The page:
In a speech to the House of Commons in 1910, then Home Secretary Winston Churchill claimed that, 'the mood and temper of the public in regard to the treatment of crime and criminals is one of the most unfailing tests of the civilisation of any country'. Critical Perspectives on Punishment will offer students the opportunity to engage with a range of debates on how punishment is understood and represented in society. It will encourage a critical appraisal of both how and why we punish, and what the answers to these questions can tell us about the societies we live in.
Survey and Quantitative Methods
This module is optional
This module provides students with a thorough knowledge of survey research and quantitative analysis. It takes students from an introduction to the principles and practice of elementary techniques through to use of advanced quantitative methods. Topics covered include survey methods and sampling as well as univariate, bivariate and multivariate techniques. Practical applications are used to give the student experience of data handling, analysis, inference and results presentation.
Qualitative Research Methods
This module is optional
The module will introduce students to essential features of qualitative research through: conceptualizing research, constructing appropriate and effective data collection instruments, accessing archived data, interpreting and presenting research findings. Throughout, the module explores issues of ethics, access and accountability; and issues of application and limitation of different qualitative approaches in different exampled research contexts. This module is designed to introduce participants to approaches to research with groups who are most impacted by social inequality and to understand the ethical issues that apply to research with 'vulnerable groups', a term that is used here in the sense in which it is used by ethics approval committees. By the end of the module, students are expected to be conversant with qualitative research perspectives and methods, skilled in the techniques of qualitative research design and data collection, and competent in both manual and computer-aided qualitative data analysis (Nvivo), and will be required to demonstrate their newly acquired competencies through coursework.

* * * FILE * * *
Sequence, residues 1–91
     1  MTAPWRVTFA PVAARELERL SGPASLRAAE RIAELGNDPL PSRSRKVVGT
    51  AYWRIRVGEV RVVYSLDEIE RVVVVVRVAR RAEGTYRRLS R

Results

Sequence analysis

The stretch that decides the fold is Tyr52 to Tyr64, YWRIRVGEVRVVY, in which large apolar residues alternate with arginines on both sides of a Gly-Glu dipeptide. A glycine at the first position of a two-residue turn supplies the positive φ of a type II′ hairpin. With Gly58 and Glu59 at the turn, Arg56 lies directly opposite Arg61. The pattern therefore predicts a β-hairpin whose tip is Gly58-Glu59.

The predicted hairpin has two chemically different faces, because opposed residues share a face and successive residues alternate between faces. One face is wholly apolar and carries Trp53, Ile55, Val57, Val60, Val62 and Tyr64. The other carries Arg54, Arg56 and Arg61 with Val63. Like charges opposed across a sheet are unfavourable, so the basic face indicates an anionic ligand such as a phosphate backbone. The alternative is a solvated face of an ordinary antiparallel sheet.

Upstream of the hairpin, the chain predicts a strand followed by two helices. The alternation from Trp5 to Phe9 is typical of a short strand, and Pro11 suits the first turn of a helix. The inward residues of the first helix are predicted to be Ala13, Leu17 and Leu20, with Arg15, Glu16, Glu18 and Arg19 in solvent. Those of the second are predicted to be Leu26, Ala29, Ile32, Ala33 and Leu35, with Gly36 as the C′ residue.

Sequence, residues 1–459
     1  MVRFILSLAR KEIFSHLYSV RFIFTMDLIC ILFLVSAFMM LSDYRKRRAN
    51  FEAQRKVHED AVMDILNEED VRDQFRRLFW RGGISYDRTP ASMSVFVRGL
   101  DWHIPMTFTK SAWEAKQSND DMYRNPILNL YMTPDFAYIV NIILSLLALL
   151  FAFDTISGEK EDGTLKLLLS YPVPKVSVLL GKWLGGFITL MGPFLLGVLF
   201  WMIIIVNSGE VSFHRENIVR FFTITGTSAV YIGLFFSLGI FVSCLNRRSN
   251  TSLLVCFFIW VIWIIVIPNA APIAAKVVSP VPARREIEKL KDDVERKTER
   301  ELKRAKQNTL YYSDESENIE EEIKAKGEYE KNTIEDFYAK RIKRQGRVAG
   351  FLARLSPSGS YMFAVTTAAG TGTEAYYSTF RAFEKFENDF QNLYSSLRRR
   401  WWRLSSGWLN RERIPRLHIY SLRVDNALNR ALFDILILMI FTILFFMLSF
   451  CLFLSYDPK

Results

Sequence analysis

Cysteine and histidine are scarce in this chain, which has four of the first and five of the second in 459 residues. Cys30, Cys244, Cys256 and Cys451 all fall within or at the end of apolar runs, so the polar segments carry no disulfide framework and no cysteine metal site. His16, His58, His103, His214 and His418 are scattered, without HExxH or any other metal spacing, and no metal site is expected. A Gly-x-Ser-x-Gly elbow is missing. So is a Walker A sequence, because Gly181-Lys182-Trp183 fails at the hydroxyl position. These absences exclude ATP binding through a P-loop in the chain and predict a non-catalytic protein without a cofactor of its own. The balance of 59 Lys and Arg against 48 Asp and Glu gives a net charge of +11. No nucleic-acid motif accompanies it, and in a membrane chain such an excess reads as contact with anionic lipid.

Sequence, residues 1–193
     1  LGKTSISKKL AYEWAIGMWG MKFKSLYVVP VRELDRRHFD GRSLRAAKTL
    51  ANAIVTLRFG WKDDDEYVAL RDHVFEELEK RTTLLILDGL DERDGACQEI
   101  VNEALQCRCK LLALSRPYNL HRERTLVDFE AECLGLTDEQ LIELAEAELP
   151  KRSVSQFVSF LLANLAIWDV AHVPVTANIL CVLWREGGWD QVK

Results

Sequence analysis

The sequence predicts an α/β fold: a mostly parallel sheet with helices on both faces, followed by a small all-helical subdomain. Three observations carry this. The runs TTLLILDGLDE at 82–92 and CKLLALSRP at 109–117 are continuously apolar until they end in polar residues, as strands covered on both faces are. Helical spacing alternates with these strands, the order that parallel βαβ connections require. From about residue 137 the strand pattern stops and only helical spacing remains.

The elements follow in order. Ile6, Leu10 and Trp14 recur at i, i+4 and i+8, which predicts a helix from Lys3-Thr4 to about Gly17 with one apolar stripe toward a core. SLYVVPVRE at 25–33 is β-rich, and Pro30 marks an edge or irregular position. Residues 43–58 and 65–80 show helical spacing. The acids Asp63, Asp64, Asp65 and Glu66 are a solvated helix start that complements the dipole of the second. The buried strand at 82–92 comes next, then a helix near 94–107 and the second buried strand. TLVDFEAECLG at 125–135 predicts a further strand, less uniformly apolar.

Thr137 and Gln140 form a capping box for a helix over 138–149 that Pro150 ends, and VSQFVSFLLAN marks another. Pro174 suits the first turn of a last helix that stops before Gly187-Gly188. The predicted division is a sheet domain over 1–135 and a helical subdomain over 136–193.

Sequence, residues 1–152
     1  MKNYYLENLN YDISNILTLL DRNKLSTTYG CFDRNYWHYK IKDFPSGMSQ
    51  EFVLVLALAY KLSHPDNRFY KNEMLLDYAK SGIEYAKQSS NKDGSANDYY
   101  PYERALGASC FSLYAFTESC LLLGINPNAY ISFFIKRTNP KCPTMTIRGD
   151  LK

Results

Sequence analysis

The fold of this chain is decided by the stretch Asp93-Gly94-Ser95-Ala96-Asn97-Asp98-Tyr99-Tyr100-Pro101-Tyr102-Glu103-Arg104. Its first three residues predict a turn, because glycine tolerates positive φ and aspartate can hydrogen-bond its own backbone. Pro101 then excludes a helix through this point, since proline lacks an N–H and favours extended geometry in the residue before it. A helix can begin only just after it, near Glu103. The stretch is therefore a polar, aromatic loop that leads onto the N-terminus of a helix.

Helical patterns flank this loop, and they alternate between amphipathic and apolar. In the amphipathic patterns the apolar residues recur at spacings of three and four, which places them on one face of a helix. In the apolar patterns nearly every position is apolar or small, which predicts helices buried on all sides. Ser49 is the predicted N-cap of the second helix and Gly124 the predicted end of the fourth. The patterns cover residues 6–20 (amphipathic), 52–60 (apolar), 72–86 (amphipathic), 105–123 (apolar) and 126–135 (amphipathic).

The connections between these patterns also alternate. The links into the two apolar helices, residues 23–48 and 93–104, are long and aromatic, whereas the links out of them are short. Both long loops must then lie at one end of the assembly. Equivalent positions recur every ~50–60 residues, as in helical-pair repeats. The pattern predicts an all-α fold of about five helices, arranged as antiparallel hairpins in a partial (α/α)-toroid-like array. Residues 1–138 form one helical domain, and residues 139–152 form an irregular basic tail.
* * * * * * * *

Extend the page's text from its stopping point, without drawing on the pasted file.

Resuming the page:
Applicants must have a second class honours degree or better in Social Sciences, Humanities, Law or a cognate discipline from a university of the United Kingdom or the Republic of Ireland, or from a recognised national awarding body, or from an institution of another country which has been recognised as being of an equivalent standard.
Where an applicant has substantial and significant experiential learning, a portfolio of written evidence demonstrating the meeting of graduate qualities (including subject-specific outcomes, as determined by the Course Committee) may be considered as an alternative entrance route.
English Language Requirements
If English is not your first language this course requires
a minimum English level of IELTS (academic) 6.0 with no band
score less than 5.5, or equivalent.
This course is open to international (non-EU) students (full-time only).
For full entry requirements please see "Course Web Page" below.
Application is through the University's online application system (see "Application Weblink" below).
Post Course Info
Completing the MSc in Criminology and Criminal Justice opens up a range of unique career opportunities. There is increasing demand across the public, private and voluntary sectors for graduates and professionals with an applied knowledge and practical understanding of crime, its drivers, societal impacts, and the strengths and limitations of evidence-based methods used to address crime. Graduates go on to careers in areas such as law enforcement and regulation, victim support, offender rehabilitation, restorative practice, community development, corporate compliance, forensic auditing, criminal justice research, crime prevention (including designing-out crime), cybercrime, advocacy, and policy making. The knowledge, skills and techniques developed by MSc students are transferable across sectors and regions placing them in a strong position within a globalised job market.
Employability is also enhanced through the provision of advanced research methods training, practice, training and opportunities to apply criminological theory to real life policy and practice scenarios. These skills equip students to pursue careers across all sectors in a wide range of areas, including human rights, criminal justice, social justice, compliance, law, education, conflict resolution and psychosocial interventions among others.